Preliminary Tests

Preliminary tests were conducted to compare test results using the ASTM F739 test cell as well as modifications in methodology reported by other researchers. For the tests described below, permeation of pendimethalin in Prowl® 3.3 EC formulation (5% active ingredient) through 0.20 mm thick nitrile gloves was measured. First tests were conducted according to ASTM F739, using the constant contact method for four h with water as the collection media1). Although the test samples were visibly yellow on the collection side after four h, no active ingredient was detected when air or water were used as collection media. Clear colorless chemicals would not have revealed the permeation. When acetonitrile was used as the collection medium, 6,564.6 μg/cm2 of pendimethalin permeated through the nitrile glove sample after four h. As reported in previous studies, constant contact with an organic solvent as the collection medium is known to overestimate chemical permeation results. This may occur due to reverse permeation of the organic solvent which then carries chemical to the collection side.

These preliminary tests show that collection media typically used for neat industrial chemicals cannot be used to measure permeation of pendimethalin, a water insoluble chemical with low vapor pressure. Tests also show that constant contact with a solvent as the collection medium can result in grossly overestimating permeation.

Tests were then conducted using the single splash method similar to that used by Pinette et al.6). To collect the pendimethalin that permeated through the material, 2 ml of acetonitrile was pipetted on the collection side of the cell and the cell swirled for 30 s. The solvent with pendimethalin was then collected for analysis. Although initial test using the single splash method provided reasonable results, difficulty in standardizing the swirling action for 30 s was observed. . Therefore, the method was not considered for further development. A report published by D’Onofrio in 2013 showed that solid collection media can be used to measure permeation of chemical warfare agents, chemicals with low vapor pressure and low water solubility7). A meeting with the author was held to discuss our challenges with tests conducted using solid collector media. Test repeated with suggested procedure for preconditioning of solid collection disc was promising. Therefore, the decision was made to continue testing with preconditioned solid collection media.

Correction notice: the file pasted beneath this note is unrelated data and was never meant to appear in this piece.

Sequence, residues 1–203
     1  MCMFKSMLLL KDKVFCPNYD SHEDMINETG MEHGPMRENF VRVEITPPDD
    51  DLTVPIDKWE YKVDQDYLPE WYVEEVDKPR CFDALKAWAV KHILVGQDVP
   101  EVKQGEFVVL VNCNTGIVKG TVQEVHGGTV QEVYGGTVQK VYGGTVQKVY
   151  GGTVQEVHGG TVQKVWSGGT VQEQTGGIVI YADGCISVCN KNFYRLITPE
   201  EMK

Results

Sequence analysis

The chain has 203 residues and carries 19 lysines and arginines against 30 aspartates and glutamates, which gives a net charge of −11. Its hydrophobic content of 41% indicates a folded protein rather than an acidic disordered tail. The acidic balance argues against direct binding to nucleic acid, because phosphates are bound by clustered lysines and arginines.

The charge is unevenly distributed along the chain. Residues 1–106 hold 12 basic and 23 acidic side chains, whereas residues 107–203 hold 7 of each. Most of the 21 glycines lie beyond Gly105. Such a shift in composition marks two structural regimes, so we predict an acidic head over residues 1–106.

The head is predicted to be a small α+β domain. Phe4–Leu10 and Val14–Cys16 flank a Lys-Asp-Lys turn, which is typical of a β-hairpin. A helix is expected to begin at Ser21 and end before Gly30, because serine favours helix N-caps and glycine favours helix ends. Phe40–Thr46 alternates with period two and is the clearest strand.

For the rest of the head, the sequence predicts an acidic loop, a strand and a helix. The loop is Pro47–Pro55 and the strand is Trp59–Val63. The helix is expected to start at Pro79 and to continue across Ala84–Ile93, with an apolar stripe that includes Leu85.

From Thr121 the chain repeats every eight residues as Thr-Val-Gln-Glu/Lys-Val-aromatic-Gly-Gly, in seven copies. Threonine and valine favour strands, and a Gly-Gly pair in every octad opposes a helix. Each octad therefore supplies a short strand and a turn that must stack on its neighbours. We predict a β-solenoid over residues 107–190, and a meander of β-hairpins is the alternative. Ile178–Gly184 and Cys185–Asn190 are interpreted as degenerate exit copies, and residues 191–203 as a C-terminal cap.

This paper includes information on tests conducted with three types of cells developed to measure permeation of chemical with low vapor pressure and low solubility in water. Preconditioned collector discs (considered to be a solid collection medium) were used for all three cells. Testing was conducted with one pesticide test chemical using a wide range of glove and textile materials.

Materials and Methods

Test chemical

Prowl® 3.3 EC, with 5% active ingredient, was selected as the test chemical for methodology development. Prowl® 3.3 EC is an emulsifiable concentrate pesticide product that includes pendimethalin, a yellow colored active ingredient with low vapor pressure and negligible solubility in water. The bright yellow color of the active ingredient was very important in the methodology development process since it enabled qualitative visual detection of the active ingredient. The properties of pendimethalin are given in Table 1.

Table 1.
Properties of pendimethalin (CAS# 40487-42-1)

Test materials

A total of four elastomeric/polymeric and fifteen multicomponent textile materials were tested. The description of materials is given in Table 2. Material 17 (0.25 mm thick latex sheet) was used for the initial testing of each cell. The first design of the test apparatus was tested with only elastomeric materials. Subsequent designs were tested with both elastomeric and multicomponent materials.

Table 2.
Description of the materials used for testing

Collector discs

Preconditioned collector discs (solid collection medium) were used for all three cells. Precorequired wetting the disc with acetonitrile to allow the collector disc’s surface to accept the permeant. Tests were conducted to determine the uptake efficiency of preconditioned 3M™ Empore™ C18 discs, and 0.25 mm and 0.51 mm latex, and Benchkote™ Plus. Preconditioned Benchkote™ Plus and 3M™ Empore™ C18 discs had high uptake efficiency as well as high extraction efficiency with acetonitrile. Benchkote™ Plus, a polyethylene-backed absorbent paper, was selected as it is relatively inexpensive and is also used as the collection layer for the pipette test, which is used to measure pesticide penetration. Tests were conducted to refine the preconditioning of the collector disc such that the acetonitrile used was just enough to wet the disc. Too little solvent does not allow good contact, and too much solvent poses the risk of reverse permeation.